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Cystic Fibrosis

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Understanding the condition


Children with Cystic Fibrosis are born with the condition, it is not a condition that you can develop later in life. Cystic Fibrosis is caused by two faulty or “mutated” CF genes. The faulty genes should control the movement of salt and water in and out of cells. Children with the faulty gene that causes Cystic Fibrosis experience a build-up of thick sticky mucus in their lungs, digestive system and other organs. This can cause a wide range of additional difficulties that affect a child’s entire body. 

Cystic Fibrosis is an inherited condition and will occur if both parents have the faulty gene however parents may not be aware that they carry the faulty gene and in doing so, it does not guarantee that they will have a child with Cystic Fibrosis.


“One in 25 people carry the CF gene. For someone to be born with CF, both parents must carry the faulty gene. If both parents have the gene, there is a 25% chance the child will have CF. If both parents carry the gene there is also a 50% chance of the child being a gene carrier but not having CF and a 25% chance, they will not have the CF gene.”

Associated conditions


The additional conditions experienced by children with CF are generally physical in nature such as poor lung function, frequent and persistent lung infections and the inability to effectively digest food, particularly fats as well as additional complications such as CF-related diabetes, bone disease and infertility. However due to the nature of the condition it may cause the child to have above average absence from school to attend appointments and treatment for lung infections which can lead to the child experiencing low self-esteem, reduced self-confidence and in cases mental health difficulties such as anxiety, depression and self-harm.

Challenges faced by students


As a teacher, it is important to be aware that certain topics in school may cause distress to children and young people with CF. It is important to meet with the child/ young person and their family/ carers ahead of a lesson to discuss what you intend to cover and check with the family/ carers that the child is aware of the impact CF has on their life for example if you are covering life expectancy, does the child know that their life is limited? When covering fertility in Biology, does the child know that infertility is a major difficulty for individuals with CF?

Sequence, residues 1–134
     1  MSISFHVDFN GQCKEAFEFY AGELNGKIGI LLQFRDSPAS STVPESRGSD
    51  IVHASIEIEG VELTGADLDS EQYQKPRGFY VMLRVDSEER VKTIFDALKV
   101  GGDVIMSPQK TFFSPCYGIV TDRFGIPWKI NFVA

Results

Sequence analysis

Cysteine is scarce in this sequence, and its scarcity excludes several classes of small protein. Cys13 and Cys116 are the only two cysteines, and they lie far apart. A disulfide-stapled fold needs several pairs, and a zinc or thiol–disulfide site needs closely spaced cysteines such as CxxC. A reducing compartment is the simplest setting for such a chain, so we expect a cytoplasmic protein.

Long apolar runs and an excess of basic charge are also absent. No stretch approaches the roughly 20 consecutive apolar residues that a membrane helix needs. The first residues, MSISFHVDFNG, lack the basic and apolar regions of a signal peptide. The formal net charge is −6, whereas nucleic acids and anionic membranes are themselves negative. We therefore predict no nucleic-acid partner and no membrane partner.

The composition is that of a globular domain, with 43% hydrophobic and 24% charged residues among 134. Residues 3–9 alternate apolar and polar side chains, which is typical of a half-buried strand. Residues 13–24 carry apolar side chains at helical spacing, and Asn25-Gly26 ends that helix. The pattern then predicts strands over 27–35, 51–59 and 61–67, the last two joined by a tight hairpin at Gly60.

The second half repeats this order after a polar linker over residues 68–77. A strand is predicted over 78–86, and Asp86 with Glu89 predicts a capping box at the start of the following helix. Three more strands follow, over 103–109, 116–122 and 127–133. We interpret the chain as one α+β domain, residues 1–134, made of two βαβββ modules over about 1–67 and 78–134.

A child/ young person with CF may experience loose stools, a frequent need to go to the toilet and stomach aches. Supporting them to have access to a toilet when needed with sensitivity and without raising attention to other students will enable them not to feel “different” to other children or feel worried about leaving class to go to the toilet.

In school, with “difference” and lack of understanding spurring some children to bully, it is important to be observant and support the child and their family/ carers to talk with you about whether thy want to share the condition with the class and if so how.

To find out more about how to support a student in your class, please visit: 

Cystic Fibrosis UK have a range of resources from Me and CF Fact Sheet for students to use, a template health plan to be used in schools, short video clips and information on how to support other students in your class to understand the condition.